And not necessarily among others. Davidoff (New York Post) notes the folly in (1) holding out hope for Brett Garnder, who’s only played nine games this season and, after suffering his third setback rehabbing a right elbow, doesn’t look to be playing too many more (2) relying on Raul Ibanez (40) and Andruw Jones (35) the rest of the way, (3) banking on Kosuke Fukudome (just three days younger than Jones), just added to their Triple-A Roster. That leaves the team with the best record in the sport but with one choice: Trade for Victorino.

“Victorino has experience with a Northeast contender, he can run the bases — he entered action last night with 19 stolen bases while getting caught just twice — and he can play the outfield well. With the Yankees, he’d be asked to switch from center field to left field, where he hasn’t played since 2006, yet that shouldn’t be a deal breaker.”

Follows up that endorsement with a “Stay The Hell Away” from Arizona’s Justin Upton (asking price) and Kansas City’s Jeff Francoeur (talent).

Floored how their is a market for this guy, even if it’s cornered by the team with financial privilege to the end that there will never — NEVER — be consequences for their actions. And the Phillies need just one buyer to bite. That’s all.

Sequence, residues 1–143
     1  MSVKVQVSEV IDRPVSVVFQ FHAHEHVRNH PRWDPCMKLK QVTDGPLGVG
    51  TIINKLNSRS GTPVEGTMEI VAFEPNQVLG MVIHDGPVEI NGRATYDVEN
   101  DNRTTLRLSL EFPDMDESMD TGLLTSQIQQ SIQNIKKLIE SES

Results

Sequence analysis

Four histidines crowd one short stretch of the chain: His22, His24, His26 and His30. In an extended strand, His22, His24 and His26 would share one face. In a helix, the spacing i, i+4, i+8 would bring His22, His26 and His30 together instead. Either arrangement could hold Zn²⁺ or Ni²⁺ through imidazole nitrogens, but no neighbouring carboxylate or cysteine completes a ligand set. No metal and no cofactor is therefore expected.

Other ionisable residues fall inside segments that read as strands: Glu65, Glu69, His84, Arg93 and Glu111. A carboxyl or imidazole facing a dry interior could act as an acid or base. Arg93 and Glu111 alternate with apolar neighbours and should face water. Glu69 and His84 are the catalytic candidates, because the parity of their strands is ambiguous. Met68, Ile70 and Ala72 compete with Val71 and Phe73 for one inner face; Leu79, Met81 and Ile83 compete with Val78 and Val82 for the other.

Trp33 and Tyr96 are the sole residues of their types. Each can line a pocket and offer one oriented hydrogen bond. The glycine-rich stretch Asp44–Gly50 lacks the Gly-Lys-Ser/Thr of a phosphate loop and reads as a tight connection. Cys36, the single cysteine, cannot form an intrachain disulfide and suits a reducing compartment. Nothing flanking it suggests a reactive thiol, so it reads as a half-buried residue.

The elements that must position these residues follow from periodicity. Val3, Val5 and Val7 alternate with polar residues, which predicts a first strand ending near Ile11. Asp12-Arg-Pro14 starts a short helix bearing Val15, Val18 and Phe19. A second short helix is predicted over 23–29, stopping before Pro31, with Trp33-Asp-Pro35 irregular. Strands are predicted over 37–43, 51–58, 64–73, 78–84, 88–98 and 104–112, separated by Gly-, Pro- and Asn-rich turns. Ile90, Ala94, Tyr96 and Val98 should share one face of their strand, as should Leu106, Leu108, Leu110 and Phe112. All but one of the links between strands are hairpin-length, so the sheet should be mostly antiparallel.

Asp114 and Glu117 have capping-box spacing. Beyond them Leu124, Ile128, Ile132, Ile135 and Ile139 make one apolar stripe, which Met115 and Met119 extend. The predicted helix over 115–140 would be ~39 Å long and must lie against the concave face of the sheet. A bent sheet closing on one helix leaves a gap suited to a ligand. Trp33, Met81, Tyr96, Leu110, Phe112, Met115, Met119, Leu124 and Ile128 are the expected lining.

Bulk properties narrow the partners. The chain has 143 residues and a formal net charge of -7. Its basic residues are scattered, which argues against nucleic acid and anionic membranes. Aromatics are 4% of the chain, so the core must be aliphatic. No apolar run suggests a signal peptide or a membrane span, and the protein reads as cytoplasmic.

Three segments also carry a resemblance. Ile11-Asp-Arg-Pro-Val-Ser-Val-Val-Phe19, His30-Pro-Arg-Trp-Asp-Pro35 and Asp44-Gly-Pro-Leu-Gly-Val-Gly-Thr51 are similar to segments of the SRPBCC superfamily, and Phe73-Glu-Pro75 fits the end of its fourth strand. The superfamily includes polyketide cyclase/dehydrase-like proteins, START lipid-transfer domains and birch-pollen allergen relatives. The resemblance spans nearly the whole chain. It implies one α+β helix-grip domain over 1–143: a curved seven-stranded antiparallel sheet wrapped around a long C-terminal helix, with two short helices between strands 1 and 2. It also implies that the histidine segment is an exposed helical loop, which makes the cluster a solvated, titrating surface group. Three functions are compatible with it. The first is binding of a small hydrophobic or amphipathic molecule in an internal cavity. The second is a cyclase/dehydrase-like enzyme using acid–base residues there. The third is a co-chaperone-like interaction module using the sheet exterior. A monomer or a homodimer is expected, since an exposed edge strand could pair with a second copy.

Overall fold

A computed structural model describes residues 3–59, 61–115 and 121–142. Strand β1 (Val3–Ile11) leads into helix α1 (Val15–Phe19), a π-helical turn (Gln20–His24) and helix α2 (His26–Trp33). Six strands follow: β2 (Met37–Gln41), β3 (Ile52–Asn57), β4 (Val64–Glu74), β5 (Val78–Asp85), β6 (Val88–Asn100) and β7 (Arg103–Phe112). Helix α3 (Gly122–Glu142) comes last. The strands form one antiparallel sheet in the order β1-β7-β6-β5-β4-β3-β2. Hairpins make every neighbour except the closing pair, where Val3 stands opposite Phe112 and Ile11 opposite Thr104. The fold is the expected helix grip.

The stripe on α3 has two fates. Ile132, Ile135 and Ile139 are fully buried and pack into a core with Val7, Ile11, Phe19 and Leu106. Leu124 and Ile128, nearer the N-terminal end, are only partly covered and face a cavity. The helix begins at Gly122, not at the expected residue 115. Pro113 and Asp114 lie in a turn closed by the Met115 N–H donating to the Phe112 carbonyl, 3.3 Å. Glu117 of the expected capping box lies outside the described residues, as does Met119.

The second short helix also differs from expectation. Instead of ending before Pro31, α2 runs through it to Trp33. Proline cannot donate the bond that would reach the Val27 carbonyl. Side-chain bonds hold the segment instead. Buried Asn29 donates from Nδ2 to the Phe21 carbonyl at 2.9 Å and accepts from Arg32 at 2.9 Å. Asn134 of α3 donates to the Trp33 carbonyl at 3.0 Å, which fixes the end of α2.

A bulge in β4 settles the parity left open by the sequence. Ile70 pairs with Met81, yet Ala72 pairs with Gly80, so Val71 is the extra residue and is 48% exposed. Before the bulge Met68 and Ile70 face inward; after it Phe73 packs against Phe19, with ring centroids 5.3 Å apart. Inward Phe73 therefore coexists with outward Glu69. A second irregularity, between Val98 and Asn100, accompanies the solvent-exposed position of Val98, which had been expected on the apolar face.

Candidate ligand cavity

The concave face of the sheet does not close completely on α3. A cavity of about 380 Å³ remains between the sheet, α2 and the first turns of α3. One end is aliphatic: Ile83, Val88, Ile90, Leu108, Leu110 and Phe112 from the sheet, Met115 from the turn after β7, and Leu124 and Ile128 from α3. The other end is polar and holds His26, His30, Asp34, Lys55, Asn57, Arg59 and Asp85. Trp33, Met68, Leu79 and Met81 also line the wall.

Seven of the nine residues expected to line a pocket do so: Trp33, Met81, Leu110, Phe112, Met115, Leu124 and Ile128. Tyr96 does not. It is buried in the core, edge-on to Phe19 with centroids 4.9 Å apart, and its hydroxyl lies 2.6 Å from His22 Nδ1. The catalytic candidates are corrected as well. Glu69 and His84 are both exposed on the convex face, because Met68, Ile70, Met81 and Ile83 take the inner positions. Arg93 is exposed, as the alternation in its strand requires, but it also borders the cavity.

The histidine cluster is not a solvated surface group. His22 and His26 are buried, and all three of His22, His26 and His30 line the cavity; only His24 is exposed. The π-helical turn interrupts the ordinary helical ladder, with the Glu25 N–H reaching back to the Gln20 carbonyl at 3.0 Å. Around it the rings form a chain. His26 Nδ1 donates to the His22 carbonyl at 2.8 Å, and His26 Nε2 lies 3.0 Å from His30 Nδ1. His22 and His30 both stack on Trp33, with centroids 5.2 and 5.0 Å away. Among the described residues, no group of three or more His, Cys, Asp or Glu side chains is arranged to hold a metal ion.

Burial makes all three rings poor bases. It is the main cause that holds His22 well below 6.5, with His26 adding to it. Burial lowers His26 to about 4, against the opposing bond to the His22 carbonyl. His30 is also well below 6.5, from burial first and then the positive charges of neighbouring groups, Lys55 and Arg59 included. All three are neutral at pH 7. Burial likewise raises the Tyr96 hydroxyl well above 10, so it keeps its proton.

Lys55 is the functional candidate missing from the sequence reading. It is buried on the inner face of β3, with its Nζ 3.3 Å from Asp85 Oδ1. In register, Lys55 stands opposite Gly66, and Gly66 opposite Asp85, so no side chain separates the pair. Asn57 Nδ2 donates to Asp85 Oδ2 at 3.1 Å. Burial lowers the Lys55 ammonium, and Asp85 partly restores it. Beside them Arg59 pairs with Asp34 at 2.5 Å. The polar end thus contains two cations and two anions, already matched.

Yesterday, when Davidoff wrote that the Yankees will be “in the loop” about Cole Hamels, we told you that given what they had in the farm system — outfielders Tyler Austin and Mason Williams, catcher Gary Sanchez, all talented, but all longer-term projects — New York couldn’t afford Hamels. But that swap seems perfect for Victorino, 31.

Plus, it pulls the Phillies out of the iffy situation of wondering whether to risk extending an offer sheet to Victorino (what they’d have to do under new league rules to get compensatory draft picks back), who you’d think after this contract season (inarguably the worst of any in his career) would accept $12.5 million for a do-over. Victorino in the offseason rejected a three-year, $30 million deal.

Now all the Phillies need to do is lower that “very, very high” asking price, and we’ll be in bidness.

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